What do a lamp, some loaves, and a loudmouth have to do with one another? That’s the structural question that has troubled commentators and preachers for some time as they’ve wrestled with the logical arrangement of Leviticus chapter 24. There is, however, a common feature of three sections of this text. The emphasis on ritual observance was intended to protect the sanctity of the sacred among the people of God.
The text is easily broken down into three sections, focusing on the (1) lampstand, (2) the showbread, and (3) the blasphemer. A survey of each will reveal the emphasis on consistent ritual observance of the commands of the Lord. Holiness is deeply related to ritual in the book of Leviticus. We tend to think of ritual as a negative thing, a meaningless duty which looses significance because of its repetition. As we have seen, however, the Scriptures argued for the consistency of the religious rituals as a way for maintaining a holy consciousness among the people. Routine observance of God’s commands was to help prevent their relapse into idolatry and apathy. It was intended to promote godliness as a way of life, not merely a casual observance. Such is the case here in Leviticus 24 too, which falls under the larger section of Leviticus’ instructions on ritual observance (chapters 23-25).
In each category there is an element of consistency in ritual practice. Consider the lampstand. Readers are told that the lamp must burn “continually” (v. 2, 3, and 4), and that he people of Israel are to participate in this ritual by donating regularly oil for the lamp. The showbread too is to be set out “regularly” (v. 8), and is to be a “perpetual” offering (v. 9). The final category, that of the “blasphemer,” focuses on this same principle of consistency. In this case, however, the focus is on consistent and perpetual application of justice. The text explores what to do about someone who blasphemes. What do you do with someone who uses God’s name as a curse. The people were not sure and so they waited on the Lord to reveal His will, which He did. But in revealing His will the Lord does not merely say what they are to do with this one man, but rather what they are to do with all men who commit the same offenses. God establishes here a broad and sweeping application of justice. This rule is for “anyone who curses” (v. 15), “anyone who blasphemes” (v. 16), “whether foreigner or native-born” (v. 16). There are no exceptions, not favoritism, no prejudice allowed in matters of justice. Punishments, according to God, are to be equally administered and equal to the crime (v. 17-20).
We see again, however, that this same principle of ritual observance – consistency, is maintained. Justice, like the lampstand and the showbread, are to be a part of the routines and rhythms of Israel’s life. They are to consistently consider them and live with them. They are not occasional events, but daily habits and patterns. In this manner they safeguard what is holy. The lampstand is intended to remind them about their access to God, it’s continual burning is a reminder that they are always in His presence. The showbread was intended to symbolize the “everlasting covenant” (v. 8) between God and His people. It was part of the sacrificial offering of the people. It’s consistency was a reminder of the enduring relationship between God and Israel. Justice too was to be a perpetual testimony to the people of God. In the textual example it was about reminding them of the holiness of the Lord. As God’s name is intertwined with His character, abusing it meant defaming Him. Justice, then, was a way of stressing the unique holiness of Yahweh.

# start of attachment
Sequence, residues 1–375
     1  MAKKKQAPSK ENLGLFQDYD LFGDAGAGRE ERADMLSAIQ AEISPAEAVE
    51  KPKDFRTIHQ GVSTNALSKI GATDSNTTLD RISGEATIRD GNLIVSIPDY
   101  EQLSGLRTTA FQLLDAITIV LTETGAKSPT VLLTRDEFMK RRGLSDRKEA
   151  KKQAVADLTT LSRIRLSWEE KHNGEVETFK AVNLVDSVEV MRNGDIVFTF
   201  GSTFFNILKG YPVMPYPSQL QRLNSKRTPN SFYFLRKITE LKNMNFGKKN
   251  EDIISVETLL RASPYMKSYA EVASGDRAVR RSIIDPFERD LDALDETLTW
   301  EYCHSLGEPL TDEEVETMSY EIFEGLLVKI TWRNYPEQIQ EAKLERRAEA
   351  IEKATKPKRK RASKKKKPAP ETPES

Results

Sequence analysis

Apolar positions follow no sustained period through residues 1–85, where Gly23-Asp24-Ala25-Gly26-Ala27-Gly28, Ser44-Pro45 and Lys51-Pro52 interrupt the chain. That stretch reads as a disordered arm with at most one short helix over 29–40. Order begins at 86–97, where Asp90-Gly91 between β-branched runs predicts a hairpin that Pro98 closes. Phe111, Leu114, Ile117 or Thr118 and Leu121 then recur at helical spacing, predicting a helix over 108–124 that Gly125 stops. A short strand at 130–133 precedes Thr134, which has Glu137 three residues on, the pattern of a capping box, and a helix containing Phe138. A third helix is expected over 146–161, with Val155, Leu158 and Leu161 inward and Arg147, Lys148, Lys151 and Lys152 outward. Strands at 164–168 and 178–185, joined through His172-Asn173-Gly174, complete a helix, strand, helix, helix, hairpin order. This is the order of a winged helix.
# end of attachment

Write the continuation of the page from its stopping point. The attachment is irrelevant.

In all of this Israel is striving to fulfill what God has called them to: to be set apart. They are to be a people uniquely devoted to God, marked by their holiness and obedience to Him. The ritual observances were about safeguarding what was sacred. They kept before Israel the call placed upon them, and the one who had given that call. They were God’s people, and that mean they were to be different. And so are we.
While we do not have holy objects and holy days anymore, we do still have a holy God and are to be marked by holy lives. For us blasphemy is not simply about taking the Lord’s name in vain, it is about our whole pattern of living. We can and do blaspheme by our inconsistent living, by our lack of holiness, our indulgence in sin, our rebellion against the Spirit. We are certainly instructed not to use God’s name in a dishonorable way, but we are also told to live in a manner worthy of the name of Christ (Phil. 1:27; Eph. 4:1). What rituals have you built into your life to help you in this pursuit? What rhythms of worship do you participate in that safeguard the sacred in your life? These are important questions to ask as we seek to demonstrate our own status as followers of Christ.